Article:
Why can't a system be taken offline? If a system is really that critical then most likely you'll have another as backup because if it's contiunally running and never getting ANY maintenance then it will soon decide on its own to stop working, nothing runs forever. And "can't be taken offline" only means that who ever makes the decisions has decided that the business is more important than what makes the business run and really has not considered what will inevitably will happen.
  • and other factors that impact the operations of IT system environments

Other factors, my favorite subject. Senior IT and management folks who do not want to hear about system downtime, how certain users complain because an update may require a reboot, how AV does not catch all of the malware that they allow onto their machines. Are those the "other factors" you speak of?

Again, in my opinion, there should be no reason why an organization should not be able to patch over 90% of laptops or desktop computers and at least 75% of servers. And that takes into account that on a server you mostly are only patching the OS and maybe an application because I do understand that patching a web server or some DB does require more coordination and support from multiple sources, but it can be done... it has to be.

At the organization level where I sit, I can't be concerned with why large software vendors release bad code... I have enough problems trying to get people to understand that we have to protect our systems and our data and a part of that is patching.


"It should be noted that I'm not advocating abandoning patching strategies. However, I am encouraging organizations to put a greater emphasis on developing better quality software."

For companies that develop their own specialized applications I would definitely agree, and hopefully they'll get the right people to do that and respect the results of an audit or QA assessment before rushing to put something into production.

Nice article!
<<   <   Page 2 / 2


Edge-DRsplash-10-edge-articles
I Smell a RAT! New Cybersecurity Threats for the Crypto Industry
David Trepp, Partner, IT Assurance with accounting and advisory firm BPM LLP,  7/9/2021
News
Attacks on Kaseya Servers Led to Ransomware in Less Than 2 Hours
Robert Lemos, Contributing Writer,  7/7/2021
Commentary
It's in the Game (but It Shouldn't Be)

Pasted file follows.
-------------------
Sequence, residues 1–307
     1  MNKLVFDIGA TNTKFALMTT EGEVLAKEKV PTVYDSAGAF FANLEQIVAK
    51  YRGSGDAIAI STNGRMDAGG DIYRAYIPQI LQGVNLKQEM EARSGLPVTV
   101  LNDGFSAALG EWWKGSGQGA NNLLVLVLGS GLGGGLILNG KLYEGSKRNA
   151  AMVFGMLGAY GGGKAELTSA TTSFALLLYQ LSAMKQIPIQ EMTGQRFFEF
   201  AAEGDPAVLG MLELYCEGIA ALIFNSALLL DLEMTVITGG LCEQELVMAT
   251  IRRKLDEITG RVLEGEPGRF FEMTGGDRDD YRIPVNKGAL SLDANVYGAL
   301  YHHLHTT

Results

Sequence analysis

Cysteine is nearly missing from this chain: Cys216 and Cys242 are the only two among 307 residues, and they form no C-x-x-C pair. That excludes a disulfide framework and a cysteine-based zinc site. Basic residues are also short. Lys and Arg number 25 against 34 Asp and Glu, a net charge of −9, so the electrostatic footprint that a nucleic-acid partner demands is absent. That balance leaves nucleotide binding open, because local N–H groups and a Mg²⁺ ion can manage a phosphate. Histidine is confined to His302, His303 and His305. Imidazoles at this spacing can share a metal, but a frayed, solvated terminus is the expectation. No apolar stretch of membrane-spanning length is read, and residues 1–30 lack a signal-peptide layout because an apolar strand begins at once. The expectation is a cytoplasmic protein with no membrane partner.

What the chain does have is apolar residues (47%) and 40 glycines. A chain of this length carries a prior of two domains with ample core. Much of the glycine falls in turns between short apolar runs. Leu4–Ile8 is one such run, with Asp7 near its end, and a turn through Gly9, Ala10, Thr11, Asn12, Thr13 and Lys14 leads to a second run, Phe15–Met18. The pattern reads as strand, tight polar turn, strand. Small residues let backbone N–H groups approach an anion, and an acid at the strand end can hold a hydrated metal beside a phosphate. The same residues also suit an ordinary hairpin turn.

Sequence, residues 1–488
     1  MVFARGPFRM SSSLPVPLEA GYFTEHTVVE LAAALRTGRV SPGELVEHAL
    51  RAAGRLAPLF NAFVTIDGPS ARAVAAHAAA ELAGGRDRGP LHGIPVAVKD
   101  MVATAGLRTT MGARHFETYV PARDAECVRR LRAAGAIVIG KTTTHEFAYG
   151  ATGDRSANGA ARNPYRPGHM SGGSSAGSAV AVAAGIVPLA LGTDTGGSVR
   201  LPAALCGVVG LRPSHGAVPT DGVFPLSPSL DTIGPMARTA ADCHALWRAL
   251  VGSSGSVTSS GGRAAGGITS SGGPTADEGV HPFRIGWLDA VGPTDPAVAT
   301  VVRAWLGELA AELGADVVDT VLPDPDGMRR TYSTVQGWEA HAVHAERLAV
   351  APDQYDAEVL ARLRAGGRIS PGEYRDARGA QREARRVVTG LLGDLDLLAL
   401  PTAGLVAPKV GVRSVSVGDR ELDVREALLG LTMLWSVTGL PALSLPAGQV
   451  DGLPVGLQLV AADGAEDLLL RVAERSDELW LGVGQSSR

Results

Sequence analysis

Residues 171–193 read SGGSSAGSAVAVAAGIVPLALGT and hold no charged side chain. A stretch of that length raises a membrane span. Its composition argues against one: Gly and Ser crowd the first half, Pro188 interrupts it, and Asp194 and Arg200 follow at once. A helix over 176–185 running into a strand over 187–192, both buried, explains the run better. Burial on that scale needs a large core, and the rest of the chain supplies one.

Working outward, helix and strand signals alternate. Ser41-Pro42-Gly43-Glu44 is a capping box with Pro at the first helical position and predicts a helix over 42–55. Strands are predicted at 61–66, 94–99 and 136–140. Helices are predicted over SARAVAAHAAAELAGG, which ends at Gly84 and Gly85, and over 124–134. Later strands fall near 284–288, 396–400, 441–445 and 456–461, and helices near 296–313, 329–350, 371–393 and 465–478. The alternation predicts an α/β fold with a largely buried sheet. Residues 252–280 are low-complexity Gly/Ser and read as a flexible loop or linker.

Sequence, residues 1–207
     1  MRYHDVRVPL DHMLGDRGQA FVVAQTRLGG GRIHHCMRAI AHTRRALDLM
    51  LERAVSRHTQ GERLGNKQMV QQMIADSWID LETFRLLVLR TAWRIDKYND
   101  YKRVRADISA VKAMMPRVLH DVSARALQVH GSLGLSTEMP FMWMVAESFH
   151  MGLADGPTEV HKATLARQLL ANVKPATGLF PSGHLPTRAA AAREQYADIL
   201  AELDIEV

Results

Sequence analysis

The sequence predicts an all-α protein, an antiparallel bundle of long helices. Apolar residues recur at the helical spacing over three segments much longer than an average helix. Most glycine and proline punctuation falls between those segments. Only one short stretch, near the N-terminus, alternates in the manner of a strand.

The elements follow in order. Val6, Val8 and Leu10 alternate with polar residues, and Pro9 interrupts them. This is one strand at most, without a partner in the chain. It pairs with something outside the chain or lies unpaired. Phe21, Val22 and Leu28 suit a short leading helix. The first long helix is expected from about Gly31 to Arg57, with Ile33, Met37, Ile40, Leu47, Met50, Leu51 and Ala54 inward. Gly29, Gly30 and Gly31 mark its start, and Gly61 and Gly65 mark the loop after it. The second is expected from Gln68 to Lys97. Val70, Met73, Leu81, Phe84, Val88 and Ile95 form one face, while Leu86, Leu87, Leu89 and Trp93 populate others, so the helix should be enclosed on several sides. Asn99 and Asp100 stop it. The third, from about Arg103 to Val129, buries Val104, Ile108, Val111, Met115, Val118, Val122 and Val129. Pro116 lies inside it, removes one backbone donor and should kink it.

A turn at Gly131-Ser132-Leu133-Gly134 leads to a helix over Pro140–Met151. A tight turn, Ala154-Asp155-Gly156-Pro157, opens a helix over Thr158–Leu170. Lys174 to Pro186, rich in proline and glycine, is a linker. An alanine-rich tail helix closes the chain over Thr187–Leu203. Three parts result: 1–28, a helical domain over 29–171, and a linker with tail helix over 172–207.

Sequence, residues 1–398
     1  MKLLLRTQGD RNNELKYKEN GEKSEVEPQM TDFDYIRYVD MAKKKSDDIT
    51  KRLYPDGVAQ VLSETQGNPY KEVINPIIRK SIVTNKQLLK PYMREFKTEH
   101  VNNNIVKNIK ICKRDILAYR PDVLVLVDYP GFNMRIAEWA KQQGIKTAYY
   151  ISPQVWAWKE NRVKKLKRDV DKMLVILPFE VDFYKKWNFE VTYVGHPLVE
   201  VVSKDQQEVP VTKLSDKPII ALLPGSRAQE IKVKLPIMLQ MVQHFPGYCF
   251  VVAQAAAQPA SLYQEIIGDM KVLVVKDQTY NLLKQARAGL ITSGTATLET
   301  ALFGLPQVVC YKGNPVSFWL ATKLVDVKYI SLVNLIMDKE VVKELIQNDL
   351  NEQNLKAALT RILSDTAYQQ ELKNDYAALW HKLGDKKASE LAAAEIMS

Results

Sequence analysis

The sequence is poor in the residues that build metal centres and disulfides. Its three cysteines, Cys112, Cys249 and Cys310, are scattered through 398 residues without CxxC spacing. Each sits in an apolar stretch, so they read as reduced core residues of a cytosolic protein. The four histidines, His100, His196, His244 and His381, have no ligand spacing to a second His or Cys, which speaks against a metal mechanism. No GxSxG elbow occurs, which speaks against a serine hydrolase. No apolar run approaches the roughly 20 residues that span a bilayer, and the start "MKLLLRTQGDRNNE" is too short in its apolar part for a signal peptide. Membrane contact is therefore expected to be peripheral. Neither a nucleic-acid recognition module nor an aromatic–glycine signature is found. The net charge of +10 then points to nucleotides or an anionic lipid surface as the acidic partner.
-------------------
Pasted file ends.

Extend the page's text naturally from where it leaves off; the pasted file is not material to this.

Tal Memran, Cybersecurity Expert, CYE,  7/9/2021
Register for Dark Reading Newsletters
White Papers
Video
Cartoon
Current Issue
How Machine Learning, AI & Deep Learning Improve Cybersecurity
Machine intelligence is influencing all aspects of cybersecurity. Organizations are implementing AI-based security to analyze event data using ML models that identify attack patterns and increase automation. Before security teams can take advantage of AI and ML tools, they need to know what is possible. This report covers: -How to assess the vendor's AI/ML claims -Defining success criteria for AI/ML implementations -Challenges when implementing AI
Flash Poll
Twitter Feed
Dark Reading - Bug Report
Bug Report
Enterprise Vulnerabilities
From DHS/US-CERT's National Vulnerability Database
CVE-2022-42247
PUBLISHED: 2022-10-03
pfSense v2.5.2 was discovered to contain a cross-site scripting (XSS) vulnerability in the browser.php component. This vulnerability allows attackers to execute arbitrary web scripts or HTML via a crafted payload injected into a file name.
CVE-2022-41443
PUBLISHED: 2022-10-03
phpipam v1.5.0 was discovered to contain a header injection vulnerability via the component /admin/subnets/ripe-query.php.
CVE-2022-33882
PUBLISHED: 2022-10-03
Under certain conditions, an attacker could create an unintended sphere of control through a vulnerability present in file delete operation in Autodesk desktop app (ADA). An attacker could leverage this vulnerability to escalate privileges and execute arbitrary code.
CVE-2022-42306
PUBLISHED: 2022-10-03
An issue was discovered in Veritas NetBackup through 8.2 and related Veritas products. An attacker with local access can send a crafted packet to pbx_exchange during registration and cause a NULL pointer exception, effectively crashing the pbx_exchange process.
CVE-2022-42307
PUBLISHED: 2022-10-03
An issue was discovered in Veritas NetBackup through 10.0.0.1 and related Veritas products. The NetBackup Primary server is vulnerable to an XML External Entity (XXE) Injection attack through the DiscoveryService service.